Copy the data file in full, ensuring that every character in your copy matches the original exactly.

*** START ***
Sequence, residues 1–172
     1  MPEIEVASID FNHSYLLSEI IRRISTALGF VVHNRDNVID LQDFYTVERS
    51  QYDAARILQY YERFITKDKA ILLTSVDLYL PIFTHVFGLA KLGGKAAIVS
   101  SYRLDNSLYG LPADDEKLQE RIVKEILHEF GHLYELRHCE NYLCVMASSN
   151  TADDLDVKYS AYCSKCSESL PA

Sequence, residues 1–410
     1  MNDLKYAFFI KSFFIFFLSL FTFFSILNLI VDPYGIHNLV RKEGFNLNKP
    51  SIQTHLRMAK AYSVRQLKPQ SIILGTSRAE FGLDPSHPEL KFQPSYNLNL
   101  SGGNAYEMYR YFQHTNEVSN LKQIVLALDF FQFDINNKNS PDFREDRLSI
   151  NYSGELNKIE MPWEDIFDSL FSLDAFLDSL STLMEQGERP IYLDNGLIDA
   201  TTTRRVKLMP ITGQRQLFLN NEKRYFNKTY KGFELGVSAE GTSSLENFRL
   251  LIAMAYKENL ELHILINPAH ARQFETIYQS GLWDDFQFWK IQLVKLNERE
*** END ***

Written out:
Sequence, residues 1–172
     1  MPEIEVASID FNHSYLLSEI IRRISTALGF VVHNRDNVID LQDFYTVERS
    51  QYDAARILQY YERFITKDKA ILLTSVDLYL PIFTHVFGLA KLGGKAAIVS
   101  SYRLDNSLYG LPADDEKLQE RIVKEILHEF GHLYELRHCE NYLCVMASSN
   151  TADDLDVKYS AYCSKCSESL PA

Sequence, residues 1–410
     1  MNDLKYAFFI KSFFIFFLSL FTFFSILNLI VDPYGIHNLV RKEGFNLNKP
    51  SIQTHLRMAK AYSVRQLKPQ SIILGTSRAE FGLDPSHPEL KFQPSYNLNL
   101  SGGNAYEMYR YFQHTNEVSN LKQIVLALDF FQFDINNKNS PDFREDRLSI
   151  NYSGELNKIE MPWEDIFDSL FSLDAFLDSL STLMEQGERP IYLDNGLIDA
   201  TTTRRVKLMP ITGQRQLFLN NEKRYFNKTY KGFELGVSAE GTSSLENFRL
   251  LIAMAYKENL ELHILINPAH ARQFETIYQS GLWDDFQFWK IQLVKLNERE